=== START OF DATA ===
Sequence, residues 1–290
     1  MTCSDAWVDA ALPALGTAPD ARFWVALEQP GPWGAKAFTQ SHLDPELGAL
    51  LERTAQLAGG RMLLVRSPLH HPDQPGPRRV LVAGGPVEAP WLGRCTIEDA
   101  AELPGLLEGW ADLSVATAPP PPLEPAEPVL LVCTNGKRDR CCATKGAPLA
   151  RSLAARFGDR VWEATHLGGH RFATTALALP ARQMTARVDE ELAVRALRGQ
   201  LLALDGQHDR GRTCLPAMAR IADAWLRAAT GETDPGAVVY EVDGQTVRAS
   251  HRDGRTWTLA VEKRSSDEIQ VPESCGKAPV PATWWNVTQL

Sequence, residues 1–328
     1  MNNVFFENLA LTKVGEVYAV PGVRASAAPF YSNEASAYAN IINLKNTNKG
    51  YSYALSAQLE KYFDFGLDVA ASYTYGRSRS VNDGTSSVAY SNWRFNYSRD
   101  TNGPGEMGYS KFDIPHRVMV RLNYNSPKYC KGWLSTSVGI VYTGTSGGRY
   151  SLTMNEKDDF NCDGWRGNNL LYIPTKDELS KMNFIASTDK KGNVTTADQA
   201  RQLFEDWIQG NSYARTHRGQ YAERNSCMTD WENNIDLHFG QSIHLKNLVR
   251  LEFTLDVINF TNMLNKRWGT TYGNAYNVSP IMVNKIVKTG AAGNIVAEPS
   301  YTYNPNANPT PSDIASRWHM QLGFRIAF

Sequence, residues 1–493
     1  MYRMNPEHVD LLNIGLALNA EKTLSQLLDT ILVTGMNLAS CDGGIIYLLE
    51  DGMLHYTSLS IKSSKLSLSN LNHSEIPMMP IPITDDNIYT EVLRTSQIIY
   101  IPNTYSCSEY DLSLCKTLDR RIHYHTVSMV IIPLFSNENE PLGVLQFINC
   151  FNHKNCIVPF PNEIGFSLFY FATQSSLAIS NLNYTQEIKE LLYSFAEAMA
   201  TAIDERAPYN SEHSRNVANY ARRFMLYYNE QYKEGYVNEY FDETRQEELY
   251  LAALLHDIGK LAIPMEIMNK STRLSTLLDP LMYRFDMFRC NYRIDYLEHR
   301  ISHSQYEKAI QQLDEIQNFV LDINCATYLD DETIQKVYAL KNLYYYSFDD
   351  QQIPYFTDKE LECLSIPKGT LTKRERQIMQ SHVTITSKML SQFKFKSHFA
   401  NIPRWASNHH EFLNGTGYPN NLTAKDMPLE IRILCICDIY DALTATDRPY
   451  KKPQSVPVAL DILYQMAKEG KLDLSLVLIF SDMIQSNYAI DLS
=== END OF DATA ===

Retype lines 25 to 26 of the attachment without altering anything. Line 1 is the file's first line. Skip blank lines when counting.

   401  NIPRWASNHH EFLNGTGYPN NLTAKDMPLE IRILCICDIY DALTATDRPY
   451  KKPQSVPVAL DILYQMAKEG KLDLSLVLIF SDMIQSNYAI DLS